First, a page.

By Mike Lednovich
City Utilities Director Andre Desilet has sent a letter to city commissioners requesting that they reconsider what the city charges homebuilders to help pay for future improvements to the water and stormwater systems.
Last August, the city commission voted to actually lower the capacity fee charged for new home construction against the advice of a Florida Rural Water Association (FRWA) consultant who told the city they were not collecting enough in fees to pay for future replacement of key components of the systems.
The capacity fee is a one-time charge to new residential and commercial buildings for connections to the water and sewer system. The fees are used to reimburse the Utility Department for the capital costs necessary to provide increased capacity to serve these new customers. Any fee changes must be done by ordinance and approved by the city commission. The capacity fee reduction ordinance is on Tuesday’s city commission agenda for a vote.
Under Option A, the commission lowered the fee from $3,280 to $3,000. The FRWA supported increasing the fee under Option B to $10,040 for each new constructed home. That proposed rate hike was met with vigorous opposition by the Northeast Florida Builders Association.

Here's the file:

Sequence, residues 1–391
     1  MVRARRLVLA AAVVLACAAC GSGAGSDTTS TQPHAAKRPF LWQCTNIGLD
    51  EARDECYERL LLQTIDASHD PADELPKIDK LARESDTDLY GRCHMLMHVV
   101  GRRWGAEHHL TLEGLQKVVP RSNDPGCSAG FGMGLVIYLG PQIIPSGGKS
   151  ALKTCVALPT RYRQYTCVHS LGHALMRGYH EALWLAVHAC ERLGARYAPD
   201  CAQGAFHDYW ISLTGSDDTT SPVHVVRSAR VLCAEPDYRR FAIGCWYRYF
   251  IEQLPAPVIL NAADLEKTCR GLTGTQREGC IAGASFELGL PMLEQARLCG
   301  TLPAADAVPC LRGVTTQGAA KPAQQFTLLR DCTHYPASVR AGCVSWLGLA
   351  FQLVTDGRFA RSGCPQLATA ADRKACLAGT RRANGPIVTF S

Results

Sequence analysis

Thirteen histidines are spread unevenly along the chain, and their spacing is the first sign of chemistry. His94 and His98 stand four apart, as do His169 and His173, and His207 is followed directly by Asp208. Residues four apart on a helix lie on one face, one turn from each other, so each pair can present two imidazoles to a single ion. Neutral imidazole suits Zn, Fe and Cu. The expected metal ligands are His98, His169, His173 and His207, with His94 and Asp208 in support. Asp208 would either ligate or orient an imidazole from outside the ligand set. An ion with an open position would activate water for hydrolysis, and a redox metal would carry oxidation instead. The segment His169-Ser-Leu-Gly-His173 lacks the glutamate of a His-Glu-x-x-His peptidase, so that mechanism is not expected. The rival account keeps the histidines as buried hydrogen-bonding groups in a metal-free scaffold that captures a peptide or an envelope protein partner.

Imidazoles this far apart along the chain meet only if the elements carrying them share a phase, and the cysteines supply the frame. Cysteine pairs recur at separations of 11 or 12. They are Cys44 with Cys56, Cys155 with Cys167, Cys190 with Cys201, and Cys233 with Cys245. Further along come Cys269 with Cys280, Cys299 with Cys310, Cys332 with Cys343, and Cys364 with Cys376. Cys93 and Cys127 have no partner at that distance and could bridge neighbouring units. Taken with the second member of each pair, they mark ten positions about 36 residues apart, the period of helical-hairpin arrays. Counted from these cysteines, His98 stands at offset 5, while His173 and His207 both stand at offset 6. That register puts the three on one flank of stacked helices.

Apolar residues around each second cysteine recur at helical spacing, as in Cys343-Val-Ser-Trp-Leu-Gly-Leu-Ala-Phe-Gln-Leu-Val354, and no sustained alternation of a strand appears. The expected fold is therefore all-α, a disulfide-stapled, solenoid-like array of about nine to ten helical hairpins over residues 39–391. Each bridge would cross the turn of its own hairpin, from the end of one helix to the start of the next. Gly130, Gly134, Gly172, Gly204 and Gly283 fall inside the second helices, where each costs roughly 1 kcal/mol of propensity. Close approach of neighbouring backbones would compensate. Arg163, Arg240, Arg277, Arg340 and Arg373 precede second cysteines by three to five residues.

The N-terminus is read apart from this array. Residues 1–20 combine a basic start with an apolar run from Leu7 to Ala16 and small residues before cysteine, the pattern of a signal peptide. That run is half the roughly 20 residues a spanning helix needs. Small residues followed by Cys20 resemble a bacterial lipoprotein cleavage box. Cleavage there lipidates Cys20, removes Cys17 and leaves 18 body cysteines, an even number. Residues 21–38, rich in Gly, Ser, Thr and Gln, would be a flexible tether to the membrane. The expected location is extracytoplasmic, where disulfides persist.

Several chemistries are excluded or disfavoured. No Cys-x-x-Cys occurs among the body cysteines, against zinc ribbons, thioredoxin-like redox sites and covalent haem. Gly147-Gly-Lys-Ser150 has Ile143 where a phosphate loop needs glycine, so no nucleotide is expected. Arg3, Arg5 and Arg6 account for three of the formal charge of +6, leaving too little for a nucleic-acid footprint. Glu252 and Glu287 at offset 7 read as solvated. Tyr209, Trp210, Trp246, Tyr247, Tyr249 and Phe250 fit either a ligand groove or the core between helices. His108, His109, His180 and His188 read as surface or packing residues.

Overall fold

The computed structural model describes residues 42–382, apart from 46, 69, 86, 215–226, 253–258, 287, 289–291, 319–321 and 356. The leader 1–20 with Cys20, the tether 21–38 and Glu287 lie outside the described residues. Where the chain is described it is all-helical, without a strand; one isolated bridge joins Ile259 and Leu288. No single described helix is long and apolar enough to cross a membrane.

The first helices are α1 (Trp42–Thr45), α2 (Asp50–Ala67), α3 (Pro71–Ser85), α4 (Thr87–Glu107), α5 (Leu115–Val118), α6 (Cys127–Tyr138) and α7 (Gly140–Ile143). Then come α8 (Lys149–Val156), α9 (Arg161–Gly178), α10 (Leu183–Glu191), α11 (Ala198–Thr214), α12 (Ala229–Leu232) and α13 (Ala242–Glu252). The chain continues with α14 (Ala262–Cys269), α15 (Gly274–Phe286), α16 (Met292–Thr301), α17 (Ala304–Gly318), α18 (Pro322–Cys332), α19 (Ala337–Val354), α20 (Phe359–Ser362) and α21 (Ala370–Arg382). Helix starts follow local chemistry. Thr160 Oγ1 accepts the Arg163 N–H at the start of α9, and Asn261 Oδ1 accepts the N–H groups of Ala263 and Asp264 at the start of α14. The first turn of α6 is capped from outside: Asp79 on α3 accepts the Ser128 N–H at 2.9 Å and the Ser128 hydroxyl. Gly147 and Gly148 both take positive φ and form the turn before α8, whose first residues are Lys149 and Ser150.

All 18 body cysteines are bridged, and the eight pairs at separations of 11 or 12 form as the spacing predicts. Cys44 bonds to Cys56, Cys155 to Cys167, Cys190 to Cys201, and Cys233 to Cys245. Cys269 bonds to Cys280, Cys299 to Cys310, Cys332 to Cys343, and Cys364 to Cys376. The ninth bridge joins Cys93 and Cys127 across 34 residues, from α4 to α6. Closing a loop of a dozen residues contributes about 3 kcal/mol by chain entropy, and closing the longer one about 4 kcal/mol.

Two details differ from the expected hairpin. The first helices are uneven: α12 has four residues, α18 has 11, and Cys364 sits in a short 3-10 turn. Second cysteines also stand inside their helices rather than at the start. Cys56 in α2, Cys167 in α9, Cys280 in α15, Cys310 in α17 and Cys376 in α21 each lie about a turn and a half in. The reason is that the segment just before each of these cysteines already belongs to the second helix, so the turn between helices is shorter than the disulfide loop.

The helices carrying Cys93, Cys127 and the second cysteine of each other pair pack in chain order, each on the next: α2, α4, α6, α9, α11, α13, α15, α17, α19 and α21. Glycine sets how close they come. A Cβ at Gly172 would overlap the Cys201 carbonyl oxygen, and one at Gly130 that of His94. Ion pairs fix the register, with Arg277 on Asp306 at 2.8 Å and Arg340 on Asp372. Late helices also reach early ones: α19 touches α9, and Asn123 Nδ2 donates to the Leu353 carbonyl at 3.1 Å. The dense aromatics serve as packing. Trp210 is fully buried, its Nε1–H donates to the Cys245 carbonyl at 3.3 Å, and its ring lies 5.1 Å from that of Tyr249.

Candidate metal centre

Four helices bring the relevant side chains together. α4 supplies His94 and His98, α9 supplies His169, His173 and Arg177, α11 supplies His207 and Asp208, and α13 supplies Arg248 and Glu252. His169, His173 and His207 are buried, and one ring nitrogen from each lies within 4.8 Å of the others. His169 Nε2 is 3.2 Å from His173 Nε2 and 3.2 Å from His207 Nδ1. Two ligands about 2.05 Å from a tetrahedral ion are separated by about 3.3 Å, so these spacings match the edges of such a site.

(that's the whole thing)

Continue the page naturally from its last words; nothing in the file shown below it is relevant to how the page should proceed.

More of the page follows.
“I would recommend revisiting this recommendation and either approving option A (a 9% reduction) or option B and phase the increases in over a period of 5 years,” Desilet said in his letter. “We recognize that option B is a substantial increase of over 200%, but phasing in the increase will reduce the initial impact to new development. Allowing the existing fees to remain in place in the presence of more recent analysis and recommendations may open the City up to legal challenge.”
The current fee is based on a 2015 study. The new fees proposed are the result of a recent FRWA study that implemented an entirely new methodology and metrics.
“Beyond the difference in the methods used to calculate the fees between the two most recent studies, the overall cost to replace, and therefore value of the system, has increased dramatically due to the recent material and labor cost increases,” Desilet said in his letter.
The utilities director urged commissioners to address the results of the new study and the fee.
“The recent study and recommendation to increase capacity fees has generated a lot of discussion, as well as a fair amount of confusion and misunderstanding. I have read many articles and comments, and I feel the need to provide a response. Although the Commission declined to raise the capacity fees as proposed, I do believe this topic should be revisited,” he said.